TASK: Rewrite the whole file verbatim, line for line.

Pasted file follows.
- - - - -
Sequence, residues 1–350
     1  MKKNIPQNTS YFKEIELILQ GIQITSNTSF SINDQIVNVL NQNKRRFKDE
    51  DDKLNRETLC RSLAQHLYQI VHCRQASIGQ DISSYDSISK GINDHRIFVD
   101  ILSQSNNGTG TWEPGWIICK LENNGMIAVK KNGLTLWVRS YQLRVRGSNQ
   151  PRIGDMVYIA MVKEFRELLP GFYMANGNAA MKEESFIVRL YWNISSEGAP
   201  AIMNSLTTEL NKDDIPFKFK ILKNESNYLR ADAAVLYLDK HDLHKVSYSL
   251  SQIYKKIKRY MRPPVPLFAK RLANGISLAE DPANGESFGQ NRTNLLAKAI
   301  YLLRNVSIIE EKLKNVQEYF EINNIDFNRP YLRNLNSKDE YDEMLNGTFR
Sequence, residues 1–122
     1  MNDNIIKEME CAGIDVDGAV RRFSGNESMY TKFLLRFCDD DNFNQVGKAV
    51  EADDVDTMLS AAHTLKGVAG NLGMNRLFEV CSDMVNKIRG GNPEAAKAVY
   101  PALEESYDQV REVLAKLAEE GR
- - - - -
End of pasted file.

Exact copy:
Sequence, residues 1–350
     1  MKKNIPQNTS YFKEIELILQ GIQITSNTSF SINDQIVNVL NQNKRRFKDE
    51  DDKLNRETLC RSLAQHLYQI VHCRQASIGQ DISSYDSISK GINDHRIFVD
   101  ILSQSNNGTG TWEPGWIICK LENNGMIAVK KNGLTLWVRS YQLRVRGSNQ
   151  PRIGDMVYIA MVKEFRELLP GFYMANGNAA MKEESFIVRL YWNISSEGAP
   201  AIMNSLTTEL NKDDIPFKFK ILKNESNYLR ADAAVLYLDK HDLHKVSYSL
   251  SQIYKKIKRY MRPPVPLFAK RLANGISLAE DPANGESFGQ NRTNLLAKAI
   301  YLLRNVSIIE EKLKNVQEYF EINNIDFNRP YLRNLNSKDE YDEMLNGTFR
Sequence, residues 1–122
     1  MNDNIIKEME CAGIDVDGAV RRFSGNESMY TKFLLRFCDD DNFNQVGKAV
    51  EADDVDTMLS AAHTLKGVAG NLGMNRLFEV CSDMVNKIRG GNPEAAKAVY
   101  PALEESYDQV REVLAKLAEE GR